Despite the challenges of the pandemic, there had been positive developments in KCC’s partnership working. The Strategy was to provide a framework to develop KCC’s partnerships and collaborations as well as ensuring a strong, independent social sector and civil society in Kent.


3) Mrs Bell said that within Adult Social Care (ASC), there had been a focus for some time on networks of support within communities and the part this played in creating innovative ways of supporting people.  This was being developed and strengthened as part of a new approach to supporting people via ASC Making a Difference Everyday programme.


3) RESOLVED to agree the recommendations as set out in the report.


Corporate Risk Register pdf icon PDF 217 KB

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Mark Scrivener, Corporate Risk & Assurance Manager ; David Whittle, Director of Strategy, Policy, Relationships and Corporate Assurance; and Ben Watts, General Counsel were in attendance for this item.


1) Mr Scrivener introduced the report and Members were reminded that the Register represented a ‘snapshot’ of any one moment in time.  There had been developments since the report was published.  Work was being undertaken to look at estimated timescales for risks to achieve their designated target levels with input being sought from responsible officers and cabinet members.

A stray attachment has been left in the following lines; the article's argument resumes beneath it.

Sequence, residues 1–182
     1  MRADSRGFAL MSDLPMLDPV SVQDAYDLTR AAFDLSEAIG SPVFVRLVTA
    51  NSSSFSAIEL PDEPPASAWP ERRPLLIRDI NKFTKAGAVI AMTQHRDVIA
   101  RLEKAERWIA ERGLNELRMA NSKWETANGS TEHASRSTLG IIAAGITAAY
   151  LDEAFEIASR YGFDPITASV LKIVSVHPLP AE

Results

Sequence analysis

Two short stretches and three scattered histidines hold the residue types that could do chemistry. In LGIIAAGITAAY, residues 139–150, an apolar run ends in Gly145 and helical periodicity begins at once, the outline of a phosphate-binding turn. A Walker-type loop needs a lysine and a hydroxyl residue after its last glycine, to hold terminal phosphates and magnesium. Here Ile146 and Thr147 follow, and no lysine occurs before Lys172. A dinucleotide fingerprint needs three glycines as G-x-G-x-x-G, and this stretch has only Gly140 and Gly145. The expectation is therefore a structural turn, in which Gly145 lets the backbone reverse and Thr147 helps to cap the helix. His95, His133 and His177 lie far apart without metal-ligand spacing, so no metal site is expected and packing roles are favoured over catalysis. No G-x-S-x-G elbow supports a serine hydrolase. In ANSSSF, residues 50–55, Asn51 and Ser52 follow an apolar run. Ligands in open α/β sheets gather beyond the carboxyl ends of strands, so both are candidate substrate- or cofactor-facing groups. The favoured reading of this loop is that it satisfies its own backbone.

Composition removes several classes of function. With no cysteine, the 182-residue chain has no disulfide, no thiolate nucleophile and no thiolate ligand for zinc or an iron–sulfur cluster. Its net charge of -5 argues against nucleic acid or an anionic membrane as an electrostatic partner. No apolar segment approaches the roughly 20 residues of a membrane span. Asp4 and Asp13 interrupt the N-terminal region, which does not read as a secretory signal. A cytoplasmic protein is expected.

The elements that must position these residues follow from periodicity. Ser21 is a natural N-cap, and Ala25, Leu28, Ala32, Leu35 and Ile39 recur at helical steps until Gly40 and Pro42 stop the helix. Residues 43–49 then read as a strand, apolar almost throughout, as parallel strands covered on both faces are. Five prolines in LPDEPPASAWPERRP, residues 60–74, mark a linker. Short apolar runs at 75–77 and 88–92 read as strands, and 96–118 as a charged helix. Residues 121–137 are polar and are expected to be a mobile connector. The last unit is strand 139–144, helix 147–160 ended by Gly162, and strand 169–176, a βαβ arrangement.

There were 3 new risks proposed to be added relating to capital programme affordability, impacts around climate change and supply chain and market factors.


2) It was noted that it had been difficult for KCC to plan with the uncertainty of the previous few years and while there was to be more certainty moving forward with a 3-year financial settlement, core spending power would need to keep up with spending and growth demands. There was still some uncertainty with regard to government grants that would need to be worked through.


3) Mr Whittle said that risk relating to Information Governance was prominent.  During the pandemic there had been a huge increase in the number of cyber-attacks on both public and private organisations.  Mr Whittle as Senior Information Risk Officer (SIRO) and Mr Watts as Data Protection Officer (DPO) were conscious of the marked increase in risk.


4) Mr Watts said there were pressures on the organisation to manage statutory duties relating to Information Governance alongside other important statutory duties.


3) RESOLVED to note the report